Observations of the SZE-21 cm can be carried out with radio interferometers since the modification associated with low-redshift scattering can be established from differential observations towards and away from galaxy clusters and other cosmic structures containing diffuse thermal and non-thermal plasmas. Unlike an experiment to directly establish the cosmic 21-cm frequency spectrum at low radio frequencies involving a total intensity measurement of the sky, the differential observations with a radio interferometer are less affected by issues such as the exact calibration of the observed intensity using an external source, and the confusion from galactic foregrounds that are uniform over angular scales larger than a typical cluster, such as the Galactic synchrotron background at low radio frequencies. Also, since the SZE does not depend on redshift, it is more suitable to study sources located at large distances, allowing to reduce the importance of the cluster radio emissions (both diffuse and discrete sources) with respect to the SZE, and allowing to detect a larger number of sources, thus increasing the possibility to obtain more precise results by studying this effect in many sources at cosmological scales.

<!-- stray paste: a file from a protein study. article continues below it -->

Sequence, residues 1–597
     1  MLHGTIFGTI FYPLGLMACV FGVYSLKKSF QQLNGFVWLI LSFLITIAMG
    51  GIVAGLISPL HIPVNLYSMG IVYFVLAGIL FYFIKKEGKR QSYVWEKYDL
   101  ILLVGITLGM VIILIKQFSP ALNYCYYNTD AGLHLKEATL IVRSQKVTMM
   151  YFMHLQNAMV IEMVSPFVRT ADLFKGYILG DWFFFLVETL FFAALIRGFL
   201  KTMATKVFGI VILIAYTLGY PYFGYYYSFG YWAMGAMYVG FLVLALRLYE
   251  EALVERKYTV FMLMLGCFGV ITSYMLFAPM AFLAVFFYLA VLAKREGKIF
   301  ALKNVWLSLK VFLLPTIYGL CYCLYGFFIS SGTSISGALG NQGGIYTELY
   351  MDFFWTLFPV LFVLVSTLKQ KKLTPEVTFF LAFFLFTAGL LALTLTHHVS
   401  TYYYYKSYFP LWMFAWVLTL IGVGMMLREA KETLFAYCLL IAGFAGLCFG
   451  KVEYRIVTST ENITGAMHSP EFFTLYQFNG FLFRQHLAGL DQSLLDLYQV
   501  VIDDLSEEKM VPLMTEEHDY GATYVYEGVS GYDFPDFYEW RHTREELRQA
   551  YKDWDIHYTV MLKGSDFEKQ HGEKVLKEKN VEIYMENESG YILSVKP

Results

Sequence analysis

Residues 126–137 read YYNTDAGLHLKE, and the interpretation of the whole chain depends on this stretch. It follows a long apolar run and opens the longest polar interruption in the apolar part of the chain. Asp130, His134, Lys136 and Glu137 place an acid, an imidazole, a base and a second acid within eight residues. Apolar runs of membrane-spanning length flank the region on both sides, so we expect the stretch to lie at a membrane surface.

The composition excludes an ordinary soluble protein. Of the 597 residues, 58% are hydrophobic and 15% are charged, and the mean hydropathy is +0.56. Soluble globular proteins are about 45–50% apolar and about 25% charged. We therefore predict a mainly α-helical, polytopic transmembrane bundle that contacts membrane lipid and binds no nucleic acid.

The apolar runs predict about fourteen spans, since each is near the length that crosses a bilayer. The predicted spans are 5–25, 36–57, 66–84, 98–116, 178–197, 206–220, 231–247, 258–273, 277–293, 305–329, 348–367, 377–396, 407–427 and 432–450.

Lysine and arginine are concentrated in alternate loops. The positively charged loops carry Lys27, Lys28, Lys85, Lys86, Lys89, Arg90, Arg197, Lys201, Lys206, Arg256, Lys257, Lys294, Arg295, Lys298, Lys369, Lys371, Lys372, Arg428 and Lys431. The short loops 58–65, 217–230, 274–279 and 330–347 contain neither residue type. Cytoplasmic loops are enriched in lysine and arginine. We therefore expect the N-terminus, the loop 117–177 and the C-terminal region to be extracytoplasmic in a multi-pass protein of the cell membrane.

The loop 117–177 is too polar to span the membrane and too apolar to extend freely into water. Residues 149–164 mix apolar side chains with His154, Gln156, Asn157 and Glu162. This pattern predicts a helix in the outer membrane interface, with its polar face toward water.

The resulting modification to the 21-cm spectrum due to the thermal SZE-21 cm is expected at the level of a few tenths mK brightness temperature relative to the CMB. Therefore, such a small modification challenges an easy detection, but for upcoming radio interferometers (like the SKA), the specific spectral signatures would allow to produce a relatively clean detection. In addition, multi-object SZE-21 cm observations could be facilitated by the fact that the instantaneous field-of-view of upcoming interferometers is expected to be more than 100 square degrees and one expects to detect simultaneously hundreds, or more, massive clusters in such wide fields.

Therefore, the SZE-21 cm effect can be effectively used to establish the global features in the mean 21-cm spectrum generated during and prior to the EoR. We note that it is also possible to produce cluster population studies with the SZE-21 cm (e.g., cluster counts and redshift distribution) and use them as cosmological probes. These goals make desirable to build a technique allowing to study a large number of objects (including galaxy clusters in merging and relaxed states, radio halo and cooling flow clusters, radio galaxy lobes), and to study objects at high redshift.